• It was great that there was Wi-Fi everywhere, from the resorts to all the parks, but man was the Wi-Fi spotty at the hotel, especially late at night when I was trying to get some writing and news-surfing done in the lobby of our building. Is that when everybody’s in their room jamming up the network downloading porn after their kids go to bed? I imagine so.
  • That’s pretty much it, which should tell you how much we liked the trip. All the hotel and park people we dealt with were super-curteous. As parents, we never felt like we were getting stares or being shamed when our kids occasionally acted up (OK, on the plane ride that happened, but we deserved it). Other parents seemed to take it in stride and staff at the hotel and parks made it a priority to make our kids feel special and welcomed. So, I guess that’s not a “hate” item… I hate that I don’t have more to complain about!
Rebecca insisted that getting a monogrammed hat at Disney is a tradition. So I did. "Where's yours?" I asked. She said, "I already have one at home."

Rebecca insisted that getting a monogrammed hat at Disney is a tradition. So I did. “Where’s yours?” I asked. She said, “I already have one at home.”


Here are a few more photos:


They loved the airport.

They loved the airport.

This image ran in the paper with my column because we couldn't find an image where my wife and I didn't look all sweaty and/or bloated from Disney meals.

This image ran in the paper with my column because we couldn’t find an image where my wife and I didn’t look all sweaty and/or bloated from Disney meals.

Ariel was all by herself in the grotto for hours at a time, which is not at all creepy.

Ariel was all by herself in the grotto for hours at a time, which is not at all creepy.

The first part of a crazy Princess lunch as the Cinderella castle.

The first part of a crazy Princess lunch as the Cinderella castle.

My daughters couldn't understand why Pocahontas and Governor Ratcliffe are just hanging out like it's no big deal.

My daughters couldn’t understand why Pocahontas and Governor Ratcliffe are just hanging out like it’s no big deal.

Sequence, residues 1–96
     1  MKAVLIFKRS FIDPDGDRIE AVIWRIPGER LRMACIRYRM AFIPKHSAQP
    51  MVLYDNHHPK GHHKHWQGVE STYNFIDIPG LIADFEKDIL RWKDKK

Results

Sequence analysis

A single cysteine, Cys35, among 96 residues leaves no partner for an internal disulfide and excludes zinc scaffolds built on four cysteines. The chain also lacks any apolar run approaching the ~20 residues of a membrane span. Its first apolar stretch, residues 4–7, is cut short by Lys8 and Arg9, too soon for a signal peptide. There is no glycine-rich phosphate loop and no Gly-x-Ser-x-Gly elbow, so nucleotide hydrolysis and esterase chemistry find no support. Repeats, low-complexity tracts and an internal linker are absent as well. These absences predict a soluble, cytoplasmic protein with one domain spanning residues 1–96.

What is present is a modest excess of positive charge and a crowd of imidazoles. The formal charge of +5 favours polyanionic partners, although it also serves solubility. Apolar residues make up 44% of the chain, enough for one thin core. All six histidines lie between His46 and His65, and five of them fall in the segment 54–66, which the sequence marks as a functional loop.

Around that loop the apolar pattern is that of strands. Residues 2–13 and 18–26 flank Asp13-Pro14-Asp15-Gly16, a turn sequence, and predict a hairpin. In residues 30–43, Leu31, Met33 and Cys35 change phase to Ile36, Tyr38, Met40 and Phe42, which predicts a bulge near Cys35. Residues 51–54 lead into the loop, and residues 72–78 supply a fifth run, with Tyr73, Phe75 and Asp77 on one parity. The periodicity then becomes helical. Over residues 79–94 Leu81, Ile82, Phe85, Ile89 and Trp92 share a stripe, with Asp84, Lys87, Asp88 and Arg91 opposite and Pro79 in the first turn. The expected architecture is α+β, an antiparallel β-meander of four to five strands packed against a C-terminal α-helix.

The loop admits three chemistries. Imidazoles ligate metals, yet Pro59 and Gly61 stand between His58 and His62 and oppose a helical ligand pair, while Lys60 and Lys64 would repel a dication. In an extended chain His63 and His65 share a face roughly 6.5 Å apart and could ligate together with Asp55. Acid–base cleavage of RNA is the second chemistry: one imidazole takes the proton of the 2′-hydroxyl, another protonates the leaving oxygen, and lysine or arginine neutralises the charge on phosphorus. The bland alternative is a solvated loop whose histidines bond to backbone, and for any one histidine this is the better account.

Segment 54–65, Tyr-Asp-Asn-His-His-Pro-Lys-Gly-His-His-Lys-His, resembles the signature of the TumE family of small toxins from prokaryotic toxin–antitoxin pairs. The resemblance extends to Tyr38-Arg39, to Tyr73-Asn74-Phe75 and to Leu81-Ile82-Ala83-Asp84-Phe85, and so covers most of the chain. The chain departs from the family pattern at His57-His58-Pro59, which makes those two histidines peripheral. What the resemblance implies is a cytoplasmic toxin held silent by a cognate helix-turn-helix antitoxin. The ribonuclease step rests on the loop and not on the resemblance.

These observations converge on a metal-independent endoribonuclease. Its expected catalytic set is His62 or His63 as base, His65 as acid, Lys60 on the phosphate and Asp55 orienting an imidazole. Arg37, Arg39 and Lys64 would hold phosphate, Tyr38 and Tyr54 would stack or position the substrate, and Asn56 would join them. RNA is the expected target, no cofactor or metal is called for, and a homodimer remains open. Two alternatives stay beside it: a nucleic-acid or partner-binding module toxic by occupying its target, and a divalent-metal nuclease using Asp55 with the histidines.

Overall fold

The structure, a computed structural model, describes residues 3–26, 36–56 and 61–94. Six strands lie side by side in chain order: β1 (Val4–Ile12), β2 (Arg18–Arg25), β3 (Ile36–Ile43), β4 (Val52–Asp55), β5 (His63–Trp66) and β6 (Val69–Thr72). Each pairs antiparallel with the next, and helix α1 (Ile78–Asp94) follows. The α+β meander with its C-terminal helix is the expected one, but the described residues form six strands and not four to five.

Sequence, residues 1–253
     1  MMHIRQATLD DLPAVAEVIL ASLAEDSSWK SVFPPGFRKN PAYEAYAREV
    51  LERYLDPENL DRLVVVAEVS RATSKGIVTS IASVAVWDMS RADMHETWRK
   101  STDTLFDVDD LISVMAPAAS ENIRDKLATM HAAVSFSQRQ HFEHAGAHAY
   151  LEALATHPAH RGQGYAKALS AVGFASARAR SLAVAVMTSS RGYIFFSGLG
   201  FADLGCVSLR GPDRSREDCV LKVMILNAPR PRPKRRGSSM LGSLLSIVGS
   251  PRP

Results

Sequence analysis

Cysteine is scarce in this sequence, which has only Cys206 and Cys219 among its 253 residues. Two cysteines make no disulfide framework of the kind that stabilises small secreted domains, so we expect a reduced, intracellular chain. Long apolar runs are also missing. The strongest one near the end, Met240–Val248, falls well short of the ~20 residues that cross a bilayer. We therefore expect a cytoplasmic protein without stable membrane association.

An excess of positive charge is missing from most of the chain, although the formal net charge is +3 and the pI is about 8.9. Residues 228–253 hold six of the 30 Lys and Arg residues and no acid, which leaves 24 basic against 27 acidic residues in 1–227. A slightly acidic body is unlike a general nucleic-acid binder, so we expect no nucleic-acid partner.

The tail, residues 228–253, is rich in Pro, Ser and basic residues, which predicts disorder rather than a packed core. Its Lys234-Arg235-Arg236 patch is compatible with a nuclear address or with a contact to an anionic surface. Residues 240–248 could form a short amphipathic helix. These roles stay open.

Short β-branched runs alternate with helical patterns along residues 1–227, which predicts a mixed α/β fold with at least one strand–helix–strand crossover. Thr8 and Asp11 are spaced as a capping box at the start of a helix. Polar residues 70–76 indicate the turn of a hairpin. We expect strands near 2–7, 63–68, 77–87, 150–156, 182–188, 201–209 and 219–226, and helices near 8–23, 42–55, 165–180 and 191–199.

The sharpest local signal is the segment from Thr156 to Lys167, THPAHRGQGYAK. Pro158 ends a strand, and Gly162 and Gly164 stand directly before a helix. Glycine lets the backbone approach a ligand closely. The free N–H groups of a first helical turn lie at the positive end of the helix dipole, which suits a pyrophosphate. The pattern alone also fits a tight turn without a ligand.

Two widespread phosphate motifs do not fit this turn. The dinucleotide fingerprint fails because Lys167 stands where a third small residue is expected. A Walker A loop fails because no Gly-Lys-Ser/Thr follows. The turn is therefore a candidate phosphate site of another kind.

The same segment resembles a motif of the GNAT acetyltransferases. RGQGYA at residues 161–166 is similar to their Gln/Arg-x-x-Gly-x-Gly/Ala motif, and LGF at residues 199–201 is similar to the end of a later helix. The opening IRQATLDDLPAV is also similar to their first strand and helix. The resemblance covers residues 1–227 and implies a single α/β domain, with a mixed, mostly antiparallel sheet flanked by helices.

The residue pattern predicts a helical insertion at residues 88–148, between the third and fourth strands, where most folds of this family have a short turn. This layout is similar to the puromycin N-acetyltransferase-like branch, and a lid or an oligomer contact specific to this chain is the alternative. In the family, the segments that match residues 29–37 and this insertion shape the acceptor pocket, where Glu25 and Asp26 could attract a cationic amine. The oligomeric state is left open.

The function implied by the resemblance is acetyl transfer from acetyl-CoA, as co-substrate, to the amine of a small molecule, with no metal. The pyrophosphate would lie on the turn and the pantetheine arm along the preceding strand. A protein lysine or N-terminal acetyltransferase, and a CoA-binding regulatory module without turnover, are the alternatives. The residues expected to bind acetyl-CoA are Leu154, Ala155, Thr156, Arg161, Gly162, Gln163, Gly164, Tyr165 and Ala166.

At a character breakfast in our hotel.

At a character breakfast in our hotel.

Father's Day landed on the day of our trip after we left, so we had to gather for that way later. This was my message to my dad on that Sunday.

Father’s Day landed on the day of our trip after we left, so we had to gather for that way later. This was my message to my dad on that Sunday.

At the Hollywood park

So, here’s what happened when I got back.  I was still Tweeting and commenting on stuff like the Apple product announcement while on my trip (there are some long lines at Disney and I had my phone).  My co-worker Addie Broyles, who writes about food for the Statesman, emailed me suggested we do something together about whether it’s a good idea to unplug from technology on vacation.

She was going to be taking a trip to Florida with her son and was planning to disconnect herself from social media, unlike my Instagramming ass.

It turned out to be a great idea. We wrote dual columns for Digital Savant that ran this past week. Mine was about staying plugged in on vacation and hers was about her experience doing the opposite. (MyStatesman subscription required for those two columns.)

They ran in print with this great Don Tate illustration:


By Don Tate / American-Statesman

By Don Tate / American-Statesman


We also did a public Google Hangout you can watch below talking about the topic in more detail with special guest(s).



 Work, monkeys and more

The Friend ZoneA new Digital Savant Micro ran in print and online explaining “Virtual machines.”

I also got to attend the first day of the huge RTX 2013 (Rooster Teeth Expo) and posted a short blog and some photos I shot at the event. I met some really great people and had a fun time.

I keep forgetting to post this here, but I was on NPR’s “Marketplace” for about five seconds talking about Rolodexes. A Don Draper reference was employed.

In the world of our monkey friends from space, their recent adventures include a forced visit to The Friend Zone and an unintentional drug brownie trip.

We took a much shorter family vacation to the beach this last weekend and because my vacations still involve staying up late and working, I was able to finish something I’ve been working on since around December.

I Tweeted this from the hotel lobby of the Hilton Garden Inn at South Padre Island around 1:30 a.m.:

I hope to have a lot more to share about that soon but the first big step, just finishing the thing, is done and now I’m starting on editing and next-drafting and moving it forward.